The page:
Recently, the U.S. Supreme Court issued a ruling that has effectively taken away your ability to defend yourself against mega corporations in the event that they ever cheat or harm you.
In AT&T v. Concepcion, the Court ruled 5-4 that corporations will now be allowed to deprive consumers and employees of the right to join class-action lawsuits, through the use of employment and consumer contracts that contain forced arbitration clauses.
What does this mean in layman’s terms?
You’ve likely entered into “agreements” with many corporations — maybe without even realizing it. When you bought a cell phone or rented a car. When you opened a bank account, got a credit card or refinanced your mortgage. When you saw a doctor or arranged medical care for a loved one. When you got hired at your job.
You didn’t get to negotiate the terms of these contracts. If you needed that phone or that job, you signed on the dotted line. And unless you’re a contracts attorney, you probably couldn’t make sense of all the legalese.
More and more, these contracts include what are known as binding mandatory arbitration clauses. The word “arbitration” may sound like a good thing: “Hey, let’s sit down and talk this out — nobody wants to go through a lawsuit.”
But in actuality, forced arbitration does not provide the protections of traditional trials, including the ability to gather information from corporate defendants. And the largest arbitration firms are heavily biased in favor of Big Business and against consumers. –Public Citizen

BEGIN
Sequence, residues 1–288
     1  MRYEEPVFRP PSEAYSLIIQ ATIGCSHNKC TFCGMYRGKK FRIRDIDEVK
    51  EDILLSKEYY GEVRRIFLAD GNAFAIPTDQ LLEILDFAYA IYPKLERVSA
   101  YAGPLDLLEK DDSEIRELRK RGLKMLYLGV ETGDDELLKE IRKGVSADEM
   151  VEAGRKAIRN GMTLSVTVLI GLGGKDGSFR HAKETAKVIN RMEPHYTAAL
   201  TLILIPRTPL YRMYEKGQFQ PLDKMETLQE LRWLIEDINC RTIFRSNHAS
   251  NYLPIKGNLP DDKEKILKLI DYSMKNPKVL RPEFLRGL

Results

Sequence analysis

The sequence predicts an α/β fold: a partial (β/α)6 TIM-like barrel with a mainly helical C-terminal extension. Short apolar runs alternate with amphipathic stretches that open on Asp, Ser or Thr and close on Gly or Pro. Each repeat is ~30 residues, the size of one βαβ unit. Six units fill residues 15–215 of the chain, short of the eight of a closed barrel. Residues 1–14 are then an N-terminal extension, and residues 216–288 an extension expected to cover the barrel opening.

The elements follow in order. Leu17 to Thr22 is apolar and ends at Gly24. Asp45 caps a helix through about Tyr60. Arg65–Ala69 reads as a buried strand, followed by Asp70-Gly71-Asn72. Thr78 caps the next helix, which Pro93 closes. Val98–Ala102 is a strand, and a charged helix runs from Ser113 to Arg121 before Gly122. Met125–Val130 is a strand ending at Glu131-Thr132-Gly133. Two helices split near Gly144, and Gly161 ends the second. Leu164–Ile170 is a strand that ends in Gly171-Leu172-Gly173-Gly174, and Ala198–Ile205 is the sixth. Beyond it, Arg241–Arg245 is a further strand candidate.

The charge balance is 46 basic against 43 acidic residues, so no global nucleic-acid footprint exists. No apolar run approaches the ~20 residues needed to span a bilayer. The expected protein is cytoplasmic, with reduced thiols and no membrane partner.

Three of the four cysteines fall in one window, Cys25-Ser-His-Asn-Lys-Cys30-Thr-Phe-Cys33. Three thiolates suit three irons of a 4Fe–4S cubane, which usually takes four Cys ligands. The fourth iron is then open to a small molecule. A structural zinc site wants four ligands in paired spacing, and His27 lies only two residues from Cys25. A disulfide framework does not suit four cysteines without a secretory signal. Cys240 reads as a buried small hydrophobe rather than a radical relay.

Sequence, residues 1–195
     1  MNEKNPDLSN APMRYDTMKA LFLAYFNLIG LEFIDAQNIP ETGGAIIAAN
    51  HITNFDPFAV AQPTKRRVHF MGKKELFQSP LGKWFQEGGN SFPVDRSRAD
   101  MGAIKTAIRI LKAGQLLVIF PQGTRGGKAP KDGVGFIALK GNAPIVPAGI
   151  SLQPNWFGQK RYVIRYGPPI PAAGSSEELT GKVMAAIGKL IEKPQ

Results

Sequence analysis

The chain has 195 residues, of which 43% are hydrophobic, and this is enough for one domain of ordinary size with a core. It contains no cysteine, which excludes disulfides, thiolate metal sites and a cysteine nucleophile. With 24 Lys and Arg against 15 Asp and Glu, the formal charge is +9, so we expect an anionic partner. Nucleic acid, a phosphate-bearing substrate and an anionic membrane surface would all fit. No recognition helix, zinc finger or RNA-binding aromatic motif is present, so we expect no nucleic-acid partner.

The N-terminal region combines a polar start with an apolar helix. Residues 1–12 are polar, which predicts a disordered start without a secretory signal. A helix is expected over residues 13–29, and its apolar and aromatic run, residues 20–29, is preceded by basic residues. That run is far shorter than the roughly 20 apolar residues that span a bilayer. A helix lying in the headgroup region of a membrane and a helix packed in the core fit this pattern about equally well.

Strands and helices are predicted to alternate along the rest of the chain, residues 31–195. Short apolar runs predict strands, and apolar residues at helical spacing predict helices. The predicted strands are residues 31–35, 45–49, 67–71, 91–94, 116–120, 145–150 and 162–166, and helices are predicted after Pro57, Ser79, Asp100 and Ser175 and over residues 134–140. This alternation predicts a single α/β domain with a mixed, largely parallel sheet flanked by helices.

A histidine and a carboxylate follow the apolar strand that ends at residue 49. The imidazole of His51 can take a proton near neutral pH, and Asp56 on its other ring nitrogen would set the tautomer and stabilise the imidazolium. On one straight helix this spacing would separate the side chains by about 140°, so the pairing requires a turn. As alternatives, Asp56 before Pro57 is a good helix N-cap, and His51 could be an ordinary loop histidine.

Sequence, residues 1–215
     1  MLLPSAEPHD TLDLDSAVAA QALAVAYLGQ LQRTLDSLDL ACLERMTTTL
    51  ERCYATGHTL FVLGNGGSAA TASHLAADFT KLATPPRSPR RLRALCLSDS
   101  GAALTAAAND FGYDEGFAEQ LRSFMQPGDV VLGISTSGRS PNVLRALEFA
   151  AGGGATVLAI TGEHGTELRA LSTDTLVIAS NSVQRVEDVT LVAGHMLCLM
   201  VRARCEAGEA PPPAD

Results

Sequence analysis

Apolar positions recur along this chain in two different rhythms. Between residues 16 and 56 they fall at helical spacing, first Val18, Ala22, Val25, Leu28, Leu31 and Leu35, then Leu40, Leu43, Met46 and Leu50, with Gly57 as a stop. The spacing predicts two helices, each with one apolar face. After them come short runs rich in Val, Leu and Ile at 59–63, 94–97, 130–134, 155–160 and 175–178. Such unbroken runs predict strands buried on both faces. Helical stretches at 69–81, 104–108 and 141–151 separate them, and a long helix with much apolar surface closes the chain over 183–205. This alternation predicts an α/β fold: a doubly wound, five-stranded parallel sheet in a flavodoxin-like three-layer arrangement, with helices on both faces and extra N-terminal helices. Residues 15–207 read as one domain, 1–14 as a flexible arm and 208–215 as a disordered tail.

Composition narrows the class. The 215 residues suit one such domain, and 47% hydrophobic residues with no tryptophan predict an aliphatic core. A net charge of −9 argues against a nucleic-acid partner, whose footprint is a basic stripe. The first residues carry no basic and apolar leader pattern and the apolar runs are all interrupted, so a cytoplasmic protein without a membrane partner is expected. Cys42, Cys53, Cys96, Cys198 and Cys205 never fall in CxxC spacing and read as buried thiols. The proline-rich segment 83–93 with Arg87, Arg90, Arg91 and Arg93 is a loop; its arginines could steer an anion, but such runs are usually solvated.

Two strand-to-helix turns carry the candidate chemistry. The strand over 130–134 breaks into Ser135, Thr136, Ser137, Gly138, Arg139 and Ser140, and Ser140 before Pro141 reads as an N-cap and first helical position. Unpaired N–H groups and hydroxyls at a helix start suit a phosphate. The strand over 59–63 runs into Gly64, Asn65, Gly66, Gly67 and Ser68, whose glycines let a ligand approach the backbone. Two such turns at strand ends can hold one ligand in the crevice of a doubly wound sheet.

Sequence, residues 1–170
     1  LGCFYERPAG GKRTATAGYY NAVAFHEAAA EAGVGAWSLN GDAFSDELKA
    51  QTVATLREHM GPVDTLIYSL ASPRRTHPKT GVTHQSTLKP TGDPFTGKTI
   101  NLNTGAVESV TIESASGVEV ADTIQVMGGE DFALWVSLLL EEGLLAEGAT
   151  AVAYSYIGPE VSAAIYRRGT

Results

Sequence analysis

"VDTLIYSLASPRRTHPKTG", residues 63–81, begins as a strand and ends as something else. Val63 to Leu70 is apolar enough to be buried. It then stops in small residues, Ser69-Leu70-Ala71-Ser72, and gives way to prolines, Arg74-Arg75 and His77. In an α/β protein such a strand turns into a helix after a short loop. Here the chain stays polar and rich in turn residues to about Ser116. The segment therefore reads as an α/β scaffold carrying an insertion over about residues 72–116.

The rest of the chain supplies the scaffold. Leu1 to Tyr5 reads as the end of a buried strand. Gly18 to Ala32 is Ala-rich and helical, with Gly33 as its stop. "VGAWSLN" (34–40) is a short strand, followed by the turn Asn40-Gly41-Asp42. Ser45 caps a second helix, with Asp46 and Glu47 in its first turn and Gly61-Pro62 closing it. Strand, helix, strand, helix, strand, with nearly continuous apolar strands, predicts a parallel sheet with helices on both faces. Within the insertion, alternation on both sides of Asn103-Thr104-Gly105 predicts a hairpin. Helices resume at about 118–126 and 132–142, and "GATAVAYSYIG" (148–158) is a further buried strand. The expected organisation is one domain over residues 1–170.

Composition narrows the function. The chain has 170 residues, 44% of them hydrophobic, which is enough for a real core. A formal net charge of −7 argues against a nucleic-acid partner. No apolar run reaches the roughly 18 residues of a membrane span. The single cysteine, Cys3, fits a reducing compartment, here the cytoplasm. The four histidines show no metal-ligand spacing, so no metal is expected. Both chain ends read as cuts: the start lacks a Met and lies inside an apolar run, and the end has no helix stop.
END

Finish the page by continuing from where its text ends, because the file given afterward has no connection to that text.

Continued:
Because of the Supreme Court decision, consumers and employees who do business with mega corporations can lose their rights to take these companies to trial to seek justice, through class action lawsuits, for wrongdoings like fraud and discrimination. Without class action lawsuits, it’s just not worth it for most individuals to sue mega corporations. So corporations can now defraud people like you and me out of a little money here and there (which can translate to millions in profits for them!) and not worry about it…there’s nothing the little guy can do to seek justice, because he can’t join with other little guys in a class action lawsuit that can actually make a difference against the wealth and power of mega corporations.
This is unacceptable. Forced arbitration clauses need to be banned to protect the American consumer and the American worker. Please support the efforts of Senator Al Franken, Senator Richard Blumenthal and Representative Hank Johnson to reintroduce the Arbitration Fairness Act in Congress, and reclaim our rights to fight back against corporate injustice.